Metal atoms are the constituent particles of metallic solids, which are bound together by metallic bonds. A metal atom is said to be made up of two parts: valence electrons and the remaining kernel (the nucleus and inner shells). Metal atom kernels occupy the lattice sites, while valence electrons occupy the space between the kernels. Metal atoms' valence electrons are not retained firmly by the nucleus due to low ionisation energy. As a result, the electrons leave one kernel's influence field and enter the influence field of another. As a result, the electrons are movable rather than localised. The simultaneous attraction between the kernels and the mobile electrons which hold the kernel together is known as metallic bond. This model is known as the electron sea model.


13. Hydrogen Bonding:

Hydrogen bonding refers to the formation of Hydrogen bonds, which are a special class of attractive intermolecular forces that arise due to the dipole-dipole interaction between a hydrogen atom that is bonded to a highly electronegative atom and another highly electronegative atom which lies in the vicinity of the hydrogen atom. For example, in water molecules $\left( {{\text{H}}_{\text{2}}}\text{O} \right)$, hydrogen is covalently bonded to the more electronegative oxygen atom. Therefore, hydrogen bonding arises in water molecules due to the dipole-dipole interactions between the hydrogen atom of one water molecule and the oxygen atom of another $H_2O$ molecule.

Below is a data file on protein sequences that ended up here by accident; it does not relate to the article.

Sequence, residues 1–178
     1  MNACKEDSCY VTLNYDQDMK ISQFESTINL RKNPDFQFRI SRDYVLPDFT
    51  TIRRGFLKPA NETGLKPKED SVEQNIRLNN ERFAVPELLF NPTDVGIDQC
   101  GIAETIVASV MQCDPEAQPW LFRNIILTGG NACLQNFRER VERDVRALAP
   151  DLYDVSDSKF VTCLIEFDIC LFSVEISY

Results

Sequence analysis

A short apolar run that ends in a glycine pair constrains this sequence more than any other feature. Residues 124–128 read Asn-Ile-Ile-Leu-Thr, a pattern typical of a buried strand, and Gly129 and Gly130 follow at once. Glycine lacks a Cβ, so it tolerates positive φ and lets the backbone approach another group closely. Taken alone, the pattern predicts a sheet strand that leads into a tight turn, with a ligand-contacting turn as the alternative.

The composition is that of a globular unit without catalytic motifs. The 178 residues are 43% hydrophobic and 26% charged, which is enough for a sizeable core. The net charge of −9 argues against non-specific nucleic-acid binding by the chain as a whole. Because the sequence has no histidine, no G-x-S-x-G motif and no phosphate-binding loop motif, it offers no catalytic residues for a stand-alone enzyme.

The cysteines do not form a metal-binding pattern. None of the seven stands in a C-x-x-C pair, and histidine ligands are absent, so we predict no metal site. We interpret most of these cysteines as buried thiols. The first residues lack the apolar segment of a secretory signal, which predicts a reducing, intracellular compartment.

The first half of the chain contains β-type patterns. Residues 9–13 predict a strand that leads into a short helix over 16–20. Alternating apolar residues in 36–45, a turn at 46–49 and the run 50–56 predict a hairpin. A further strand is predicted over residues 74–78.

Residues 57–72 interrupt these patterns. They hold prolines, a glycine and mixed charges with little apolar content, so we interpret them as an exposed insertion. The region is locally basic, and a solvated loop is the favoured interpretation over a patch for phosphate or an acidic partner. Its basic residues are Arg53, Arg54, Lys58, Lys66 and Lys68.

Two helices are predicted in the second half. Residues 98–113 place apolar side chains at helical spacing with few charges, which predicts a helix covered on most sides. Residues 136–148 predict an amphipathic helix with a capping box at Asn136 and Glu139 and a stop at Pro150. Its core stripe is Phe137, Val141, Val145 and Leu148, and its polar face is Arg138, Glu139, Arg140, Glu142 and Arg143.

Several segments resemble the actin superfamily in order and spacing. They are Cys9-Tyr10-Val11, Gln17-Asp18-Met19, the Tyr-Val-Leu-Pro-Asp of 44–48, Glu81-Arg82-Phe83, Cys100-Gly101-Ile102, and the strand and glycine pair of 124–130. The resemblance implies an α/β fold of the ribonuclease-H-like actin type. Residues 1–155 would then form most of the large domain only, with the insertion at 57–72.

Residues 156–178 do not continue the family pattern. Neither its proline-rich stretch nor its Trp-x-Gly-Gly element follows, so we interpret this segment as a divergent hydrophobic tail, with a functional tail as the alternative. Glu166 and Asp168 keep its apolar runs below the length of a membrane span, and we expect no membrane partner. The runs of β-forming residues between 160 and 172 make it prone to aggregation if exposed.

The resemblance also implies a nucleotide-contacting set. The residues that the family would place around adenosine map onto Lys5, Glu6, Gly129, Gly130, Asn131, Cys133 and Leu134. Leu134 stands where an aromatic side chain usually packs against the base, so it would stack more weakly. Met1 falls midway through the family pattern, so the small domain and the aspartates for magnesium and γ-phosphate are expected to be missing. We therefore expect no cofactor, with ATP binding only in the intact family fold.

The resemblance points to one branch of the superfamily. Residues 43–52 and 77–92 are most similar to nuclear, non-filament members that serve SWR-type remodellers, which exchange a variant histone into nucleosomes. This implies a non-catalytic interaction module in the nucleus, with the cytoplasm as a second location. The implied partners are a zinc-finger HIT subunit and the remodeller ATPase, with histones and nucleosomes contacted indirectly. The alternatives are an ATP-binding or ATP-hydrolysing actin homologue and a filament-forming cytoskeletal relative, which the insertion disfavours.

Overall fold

Here, the location of the bond pair of electrons in the O-H bond is very close to the oxygen nucleus (due to the large difference in the electronegativities of oxygen and hydrogen). Therefore, the oxygen atom develops a partial negative charge (-δ) and the hydrogen atom develops a partial positive charge (+δ). Now, hydrogen bonding can occur due to the electrostatic attraction between the hydrogen atom of one water molecule (with +δ charge) and the oxygen atom of another water molecule (with -δ charge). Thus, hydrogen bonds are a very special class of intermolecular attractive forces that arise only in compounds featuring hydrogen atoms bonded to a highly electronegative atom. Hydrogen bonds are mostly strong in comparison to normal dipole-dipole and dispersion forces. However, they are weak compared to true covalent or ionic bonds.